King of Caves - Lava Tube Exploration - EI03
Cave Raufarholshellir - Iceland's 3rd largest lava tube cave
More than just "scratching the surface" during your Icelandic experience, this cave adventure is surely off the beaten path. In the winter time a lot of ice forms in the forward section of the cave and almost every stone is coated with a thin crust of ice, which makes it hazardous to walk around the cave.
From 19 900 ISK per adult
Minimum age: 12 years old
Total duration: 5-6 hours
Caving duration: 3-4 hours
Difficulty: Moderate - 3/5
Reykjavik Pickup: 10:15 - 10:30
Meet on location: 11:00
Included: Hotel pick up & drop off in Reykjavik, guided caving tour, flash light, gloves and helmet.
Not included: Lunch
Bring with you: Warm clothes, sturdy shoes!
*Difficulty: only for people in good shape. The tour is not recommended for those with back, knee or health issues.
For further information:
How to arrive at The Lava Tunnel:
For those do not select the pickup option in the booking engine: The tunnel is located less than 30 minutes drive (approximately 30 km) from Reykjavík, Iceland and accessible by all vehicles. Driving from Reykjavík east on Route 1 and drive for about 18 km. Turn right onto Route 39 (Þorlákshöfn) and drive for another 12 km. The parking area will be on your left hand side. Click here for a Google Map. The GPS coordinates are: N.63º 56.407 / W. 021º 23.742
Raufarholshellir lava tube cave is one of the better known lava caves in Iceland and it is easily accessible. The length of the tube is estimated to be 1360 metres. There are four entrances, all in easy reach of each other. The cave is partially collapsed and is difficult to trek, except for the innermost part which is easier because little has broken from the ceiling.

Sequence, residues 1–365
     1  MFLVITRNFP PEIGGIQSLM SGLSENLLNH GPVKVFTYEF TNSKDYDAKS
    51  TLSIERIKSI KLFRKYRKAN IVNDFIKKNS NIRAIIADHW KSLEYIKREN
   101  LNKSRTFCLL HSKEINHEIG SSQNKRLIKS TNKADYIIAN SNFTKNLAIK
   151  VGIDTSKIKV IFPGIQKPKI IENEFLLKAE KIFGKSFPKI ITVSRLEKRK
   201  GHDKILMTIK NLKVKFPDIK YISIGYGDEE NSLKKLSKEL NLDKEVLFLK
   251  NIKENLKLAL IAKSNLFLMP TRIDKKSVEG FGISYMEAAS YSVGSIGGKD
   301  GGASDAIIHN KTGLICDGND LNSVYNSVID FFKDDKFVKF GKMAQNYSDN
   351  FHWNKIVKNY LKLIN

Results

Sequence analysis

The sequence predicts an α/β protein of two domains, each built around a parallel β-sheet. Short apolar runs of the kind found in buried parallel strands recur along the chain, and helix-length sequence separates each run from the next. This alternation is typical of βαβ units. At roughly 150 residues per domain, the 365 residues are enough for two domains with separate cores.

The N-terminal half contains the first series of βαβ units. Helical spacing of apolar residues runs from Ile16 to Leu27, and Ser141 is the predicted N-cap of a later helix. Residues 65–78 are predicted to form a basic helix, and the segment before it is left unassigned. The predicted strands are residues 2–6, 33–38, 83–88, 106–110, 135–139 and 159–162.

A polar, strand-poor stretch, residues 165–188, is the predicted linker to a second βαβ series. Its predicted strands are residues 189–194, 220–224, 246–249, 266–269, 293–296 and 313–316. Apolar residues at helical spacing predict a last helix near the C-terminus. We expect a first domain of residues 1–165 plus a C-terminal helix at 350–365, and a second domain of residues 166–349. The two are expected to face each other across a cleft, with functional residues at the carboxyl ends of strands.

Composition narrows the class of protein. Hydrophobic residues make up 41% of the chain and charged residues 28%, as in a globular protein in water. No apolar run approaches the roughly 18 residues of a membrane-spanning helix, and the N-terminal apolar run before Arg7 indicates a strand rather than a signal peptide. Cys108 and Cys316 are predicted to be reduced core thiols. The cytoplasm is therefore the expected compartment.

During the winter time a lot of ice forms in the forward section of the cave and almost every stone is coated with a thin crust of ice, which makes it hazardous to walk around the cave.
In the backward section, the cave forks into 3 tunnels, the lava flow from those tunnels probably joined in the Raufarholshellir cave 5000 years ago. Lava falls and other spectacular lava formations can be seen deep in those tunnels.
There are large chambers in Raufarholshellir lava tube, the largest chamber in Iceland, excluding those in Surtshellir and Vidgelmir lava tubes in Hallmundarhraun lava fields in western part of Iceland. The walk around the cave is an exciting journey and there are many things to see.
There’s a road leading to the cave’s entrance and it’s accessible all year round. It takes about an hour to reach the cave from Reykjavik in a car, and the trek through the cave itself takes about four hours. So it is probably best to plan 5-6 hours for the whole tour.
Lava tubes are natural conduits through which lava travels beneath the surface of a lava flow, expelled by a volcano during an eruption. They can be actively draining lava from a source, or can be extinct, meaning the lava flow has ceased and the rock has cooled and left a long, cave-like channel.
Lava tubes are formed when an active low-viscosity lava flow develops a continuous and hard crust, which thickens and forms a roof above the still-flowing lava stream. Tubes form in one of two ways: by the crusting over of lava channels, and from flows where the lava is moving under the surface.
King of Caves - Raufarholshellir Lava Tube Cave
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